I didn’t want to write because even in my personal life, very few people get to know my details. Talking and sharing vs. relating and sharing are different. People tend to fade to black in a cinematically predictable way when sometimes those things are just way bigger than one can make them look while out and about buying the groceries and weed killer. Those melodramas occupy enough space, thank you very much. Why would I drag people into that when we maintain so well over here? By not writing at all meant protecting thoughts and ideas which are uncomfortable or inconvenient to others. Ultimately for me too since disappointment tends to hit me like a wrecking ball.

In the end, regardless of where we know each other or how, I am fairly certain, we are looking for the same end result. By not writing, I did not have to debate this.

Having perspective is a little like breathing. We all do it and at the pace comfortable for living to the best of our ability. That breath adapts to our situation even when it changes. Sometimes it is even vastly different than our original irrefutable pace. When I walk up the steps to my room at home, I find myself stopping and catching my breath 3 or 4 steps before the top when just 4 years ago I could perform literal circus tricks in a hot yoga studio.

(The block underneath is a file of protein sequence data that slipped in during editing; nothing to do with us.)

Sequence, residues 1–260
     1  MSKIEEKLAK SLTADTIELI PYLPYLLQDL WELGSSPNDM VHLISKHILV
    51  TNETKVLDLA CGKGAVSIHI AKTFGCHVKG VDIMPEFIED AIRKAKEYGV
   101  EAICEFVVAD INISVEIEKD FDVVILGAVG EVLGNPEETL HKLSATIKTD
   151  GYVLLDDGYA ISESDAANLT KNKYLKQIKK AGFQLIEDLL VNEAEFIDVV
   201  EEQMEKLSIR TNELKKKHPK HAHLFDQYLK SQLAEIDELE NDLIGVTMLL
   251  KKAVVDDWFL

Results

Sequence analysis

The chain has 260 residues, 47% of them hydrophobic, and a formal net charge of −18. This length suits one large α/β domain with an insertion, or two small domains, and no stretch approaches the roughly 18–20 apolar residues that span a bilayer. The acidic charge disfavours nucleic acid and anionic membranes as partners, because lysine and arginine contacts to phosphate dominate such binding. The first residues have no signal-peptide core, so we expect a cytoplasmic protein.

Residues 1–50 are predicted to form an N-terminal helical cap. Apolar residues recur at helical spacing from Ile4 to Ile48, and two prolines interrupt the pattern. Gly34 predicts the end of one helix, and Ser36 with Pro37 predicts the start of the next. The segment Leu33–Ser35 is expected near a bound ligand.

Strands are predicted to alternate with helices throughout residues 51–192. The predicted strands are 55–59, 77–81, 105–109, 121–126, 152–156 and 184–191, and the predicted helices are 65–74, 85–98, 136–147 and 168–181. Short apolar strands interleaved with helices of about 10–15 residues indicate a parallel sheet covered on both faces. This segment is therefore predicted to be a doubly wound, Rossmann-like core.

And while my Lululemon tush wouldn’t have said it out loud, it may have not really understood what it meant to need rest before reaching the top of a staircase, because it never had to before. I may have had recommendations on the misguided beliefs about why it meandered its way up at that speed in the first place. And I might have been wrong-ish, but a vague foundation of knowing why. It didn’t completely make me wrong any more than it also didn’t make me wrong for now knowing I now need to rest for a moment on the banister.